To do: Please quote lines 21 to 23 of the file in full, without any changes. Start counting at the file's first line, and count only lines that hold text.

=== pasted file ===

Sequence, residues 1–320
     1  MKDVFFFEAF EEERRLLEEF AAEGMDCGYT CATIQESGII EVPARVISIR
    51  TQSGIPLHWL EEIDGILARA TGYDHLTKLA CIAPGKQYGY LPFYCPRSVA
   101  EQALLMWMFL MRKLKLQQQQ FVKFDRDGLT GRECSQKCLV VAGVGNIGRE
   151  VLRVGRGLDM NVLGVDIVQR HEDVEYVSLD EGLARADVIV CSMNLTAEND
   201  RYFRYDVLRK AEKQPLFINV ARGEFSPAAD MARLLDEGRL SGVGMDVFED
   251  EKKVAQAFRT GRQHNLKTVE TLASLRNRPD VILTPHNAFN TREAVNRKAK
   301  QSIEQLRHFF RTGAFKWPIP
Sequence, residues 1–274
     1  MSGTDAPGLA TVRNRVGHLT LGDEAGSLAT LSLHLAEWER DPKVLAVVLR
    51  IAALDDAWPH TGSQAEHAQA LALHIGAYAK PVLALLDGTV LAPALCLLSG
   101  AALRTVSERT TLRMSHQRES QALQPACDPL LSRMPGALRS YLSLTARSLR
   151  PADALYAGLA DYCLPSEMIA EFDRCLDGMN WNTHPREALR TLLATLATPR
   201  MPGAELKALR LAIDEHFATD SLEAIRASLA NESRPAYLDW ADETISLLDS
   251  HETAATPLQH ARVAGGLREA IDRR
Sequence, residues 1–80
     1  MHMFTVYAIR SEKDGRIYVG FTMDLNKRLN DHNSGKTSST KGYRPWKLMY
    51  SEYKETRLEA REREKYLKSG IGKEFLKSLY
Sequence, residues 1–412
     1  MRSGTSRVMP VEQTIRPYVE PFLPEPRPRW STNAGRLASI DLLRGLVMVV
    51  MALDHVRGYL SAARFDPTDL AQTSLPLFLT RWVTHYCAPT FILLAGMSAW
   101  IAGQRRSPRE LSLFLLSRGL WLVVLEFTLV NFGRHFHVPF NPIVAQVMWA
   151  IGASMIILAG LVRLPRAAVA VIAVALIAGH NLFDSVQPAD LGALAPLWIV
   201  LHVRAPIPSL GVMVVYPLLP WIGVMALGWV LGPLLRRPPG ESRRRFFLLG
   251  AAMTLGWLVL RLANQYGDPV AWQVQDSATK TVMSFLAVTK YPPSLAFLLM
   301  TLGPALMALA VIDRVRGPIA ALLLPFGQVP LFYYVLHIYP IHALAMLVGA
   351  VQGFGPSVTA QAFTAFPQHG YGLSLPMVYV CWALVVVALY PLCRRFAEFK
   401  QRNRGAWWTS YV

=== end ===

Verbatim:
    51  MALDHVRGYL SAARFDPTDL AQTSLPLFLT RWVTHYCAPT FILLAGMSAW
   101  IAGQRRSPRE LSLFLLSRGL WLVVLEFTLV NFGRHFHVPF NPIVAQVMWA
   151  IGASMIILAG LVRLPRAAVA VIAVALIAGH NLFDSVQPAD LGALAPLWIV